Deep Q-Learning (Space Invaders)

Ever since I learned about neural networks playing Atari games I wanted to reimplemnted it and learn how it works. Below you can see an AI playing Space Invaders. I trained it during my batch at Recurse Center on little over 50M frames.

It is more awesome if you realize that the AI was trained in a similar way a human would learn: the only inputs are screen and number of gained (or lost) points after each action taken by the AI.

DQN does much better then a best-action strategy (do nothing but shoot) and random strategy.

algorithm points
DQN 550
Best action 240
Random 150

You can play with my implementation here: Deep Q-Learning. This is first post on the topic, stay tuned for the next ones!

Average game reward (600 games) after N games played. Blue line is random strategy baseline, red line is best-action strategy baseline.

#Algorithm So what is Deep Q-Learning (DQN)? Below you will find a gentle introduction. I omit certain details for the sake of simplicity and I encourage you to read the original paper.

The task for Neural Network in DQN is to learn which action to take based on the screen and previous experience. Obviously the nueral network should choose the best action but how to learn which one is best?

Turns out your neural network can be pretty simple: the input is game screen and hidden layers consists of 3 convolutional layers and a single fully connected layer. The number of neurons in last layer corresponds to number of actions that can be taken. In the case of Space Invaders there were 4 actions (do nothing, shoot, go left, go right), therefore there were 4 neurons in the output layer.

The tricky and crucial part is the loss function. In ‘normal’ neural networks the loss function is straigtforward as for each training example there is a known expected outcome . Nothing like that is available in our case but we can deal with it thanks to some insights from Q-Learning!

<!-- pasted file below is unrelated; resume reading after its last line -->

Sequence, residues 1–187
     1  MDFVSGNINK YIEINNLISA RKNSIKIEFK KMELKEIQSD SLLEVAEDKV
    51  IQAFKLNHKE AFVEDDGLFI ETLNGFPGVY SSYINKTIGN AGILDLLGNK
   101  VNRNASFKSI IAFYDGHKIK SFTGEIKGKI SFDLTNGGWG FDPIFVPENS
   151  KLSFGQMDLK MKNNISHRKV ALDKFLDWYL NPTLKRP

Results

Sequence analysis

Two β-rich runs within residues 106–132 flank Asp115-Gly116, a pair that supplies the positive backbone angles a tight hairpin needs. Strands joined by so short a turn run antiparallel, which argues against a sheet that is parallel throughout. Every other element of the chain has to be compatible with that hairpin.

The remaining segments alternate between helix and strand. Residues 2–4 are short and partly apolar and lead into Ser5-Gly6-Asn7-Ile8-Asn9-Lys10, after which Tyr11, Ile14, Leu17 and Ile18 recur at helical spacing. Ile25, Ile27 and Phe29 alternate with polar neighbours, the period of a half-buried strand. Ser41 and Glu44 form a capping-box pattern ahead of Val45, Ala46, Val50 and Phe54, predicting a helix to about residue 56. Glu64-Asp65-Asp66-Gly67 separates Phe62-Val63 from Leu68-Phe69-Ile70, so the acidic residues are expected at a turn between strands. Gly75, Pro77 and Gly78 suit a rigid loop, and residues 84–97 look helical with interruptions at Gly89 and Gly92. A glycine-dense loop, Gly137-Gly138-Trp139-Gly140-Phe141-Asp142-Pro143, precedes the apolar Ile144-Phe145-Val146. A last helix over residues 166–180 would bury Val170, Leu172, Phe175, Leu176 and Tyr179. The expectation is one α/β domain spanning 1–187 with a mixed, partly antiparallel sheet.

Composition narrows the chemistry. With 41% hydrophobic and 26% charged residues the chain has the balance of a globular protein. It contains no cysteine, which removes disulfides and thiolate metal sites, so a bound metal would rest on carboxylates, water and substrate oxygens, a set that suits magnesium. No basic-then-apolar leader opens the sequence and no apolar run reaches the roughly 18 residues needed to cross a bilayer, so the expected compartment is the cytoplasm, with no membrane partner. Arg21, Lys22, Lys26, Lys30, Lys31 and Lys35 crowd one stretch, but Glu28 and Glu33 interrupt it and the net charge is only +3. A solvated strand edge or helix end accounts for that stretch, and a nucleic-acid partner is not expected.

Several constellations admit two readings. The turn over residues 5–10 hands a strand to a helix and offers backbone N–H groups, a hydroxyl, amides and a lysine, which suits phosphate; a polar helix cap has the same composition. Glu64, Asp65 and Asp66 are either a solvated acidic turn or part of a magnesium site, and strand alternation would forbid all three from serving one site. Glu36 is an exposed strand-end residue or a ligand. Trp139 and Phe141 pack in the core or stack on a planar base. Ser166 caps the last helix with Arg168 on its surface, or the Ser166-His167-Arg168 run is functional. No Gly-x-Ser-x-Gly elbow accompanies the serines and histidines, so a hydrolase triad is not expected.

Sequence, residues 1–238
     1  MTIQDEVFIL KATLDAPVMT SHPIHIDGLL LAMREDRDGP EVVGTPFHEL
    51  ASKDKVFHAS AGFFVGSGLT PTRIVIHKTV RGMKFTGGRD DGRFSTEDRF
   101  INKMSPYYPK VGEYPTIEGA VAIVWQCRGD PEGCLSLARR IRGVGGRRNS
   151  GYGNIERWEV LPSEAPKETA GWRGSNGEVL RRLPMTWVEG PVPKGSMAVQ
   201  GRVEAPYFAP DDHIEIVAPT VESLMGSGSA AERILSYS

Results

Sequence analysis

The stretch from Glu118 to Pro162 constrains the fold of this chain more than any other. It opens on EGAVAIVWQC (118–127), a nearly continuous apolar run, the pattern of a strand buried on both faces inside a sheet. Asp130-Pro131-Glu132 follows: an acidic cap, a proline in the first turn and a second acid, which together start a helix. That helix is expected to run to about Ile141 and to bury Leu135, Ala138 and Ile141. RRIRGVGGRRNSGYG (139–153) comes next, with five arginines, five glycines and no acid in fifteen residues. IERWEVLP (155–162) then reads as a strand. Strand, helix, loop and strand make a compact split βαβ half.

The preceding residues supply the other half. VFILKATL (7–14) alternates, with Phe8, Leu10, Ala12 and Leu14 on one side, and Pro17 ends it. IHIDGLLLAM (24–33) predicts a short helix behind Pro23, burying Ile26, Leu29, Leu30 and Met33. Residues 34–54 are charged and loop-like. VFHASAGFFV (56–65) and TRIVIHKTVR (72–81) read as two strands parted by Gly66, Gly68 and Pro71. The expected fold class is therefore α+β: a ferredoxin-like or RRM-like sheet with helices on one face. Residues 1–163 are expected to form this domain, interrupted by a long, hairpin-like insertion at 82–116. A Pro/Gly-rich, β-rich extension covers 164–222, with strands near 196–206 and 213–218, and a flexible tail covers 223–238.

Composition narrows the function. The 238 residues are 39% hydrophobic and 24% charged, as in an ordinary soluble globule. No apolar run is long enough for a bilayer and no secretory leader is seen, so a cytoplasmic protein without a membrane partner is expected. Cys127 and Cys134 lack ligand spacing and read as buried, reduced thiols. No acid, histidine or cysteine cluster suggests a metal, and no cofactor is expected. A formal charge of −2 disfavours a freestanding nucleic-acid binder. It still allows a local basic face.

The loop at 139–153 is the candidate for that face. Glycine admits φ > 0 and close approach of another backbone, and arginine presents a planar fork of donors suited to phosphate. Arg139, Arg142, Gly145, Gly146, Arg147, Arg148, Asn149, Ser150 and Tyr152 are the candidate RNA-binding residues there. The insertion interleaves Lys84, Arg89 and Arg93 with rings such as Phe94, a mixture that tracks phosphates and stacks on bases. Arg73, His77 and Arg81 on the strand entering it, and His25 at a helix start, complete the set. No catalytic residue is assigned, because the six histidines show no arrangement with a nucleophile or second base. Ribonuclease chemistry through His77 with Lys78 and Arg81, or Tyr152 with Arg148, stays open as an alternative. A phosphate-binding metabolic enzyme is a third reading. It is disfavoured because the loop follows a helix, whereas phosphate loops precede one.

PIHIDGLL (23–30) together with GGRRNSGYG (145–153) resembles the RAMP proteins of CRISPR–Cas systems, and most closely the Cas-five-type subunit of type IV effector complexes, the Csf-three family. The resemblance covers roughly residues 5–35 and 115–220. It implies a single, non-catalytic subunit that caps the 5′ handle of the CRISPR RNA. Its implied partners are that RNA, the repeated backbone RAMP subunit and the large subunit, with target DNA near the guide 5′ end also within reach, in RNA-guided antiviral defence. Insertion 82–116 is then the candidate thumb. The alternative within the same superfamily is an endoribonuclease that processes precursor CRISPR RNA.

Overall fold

Loss function

The best measure of how good an action is accumulated future reward

where sum is taken over time from until the end of the game and is reward gained at time . There is a couple of problems with that simplified definition and we’ll deal with them one by one.

For one there is no way to calculate that sum as we don’t know the future. With this, we’ll deal at the end though.

Intuitively speaking the immediate reward should be more valuable then a very distant one. After all, future is uncertain and we might never get this distant reward at all.
Let’s introduce discounted accumulated future reward.

Where is between 0 and 1. We’ll set to , though, as the distant rewards are very important.

Finally our game is stochastic (we don’t know when an enemy shoots a laser beam) therefore we should rather think in terms of expected value. Ideally, what we want the neural network to learn is function Q defined as:

where is the input game screen at time , indicates the neuron corresponding with action , is reward obtained after action taken at time . That is what we want each neuron of the output layer to learn.

To do that efficiently we need to realise that where is game screen experienced after taking action after seeing game screen .

Now if is our neural network we can treat as a measure of surprise and therefore a loss function (after squaring).

Note that the loss depends on the neural network itself in an untypical way.


Since we play the game online it is tempting to simply update the network after each taken action or in mini-batches of, say, 32 actions taken. Such mini-batches would be highly correlated and any stochastic update algorithm would fail on that.

To deal with that issue we keep previous experiences in memory and after each action taken we draw a mini-batch of experiences from that memory to perform the update step.

Other technicalities

Lessons Learned

That was my first exposure to training non trivial neural networks so there is plenty of things that I learned.

  1. Nan’s as weights is no good. Seems obvious but it does not mean that it’s easy to track down such problems. Theano provides means of doing that efficiently. Of course an NaN usually means that you divide by .

  2. Test your Theano code. It’s not so hard! And here is relevant documentation.

  3. If your network converges or diverges to very quickly it’s probably caused by suboptimal learning rates applied in your update function. Little is known about how to correctly choose network’s hyperparameters so trial, error and verification is what’s left.

  4. Update method might play a gigantic role in performance of your neural network. In my case, learning curve of my DQN implementation flattened after 10M frames around 400 points for traditional RMSProp. “DeepMind” RmsProp was learning slower but boosted the performance to over 550 points on average after 50M frames and one can clearly see that it kept learning all the time.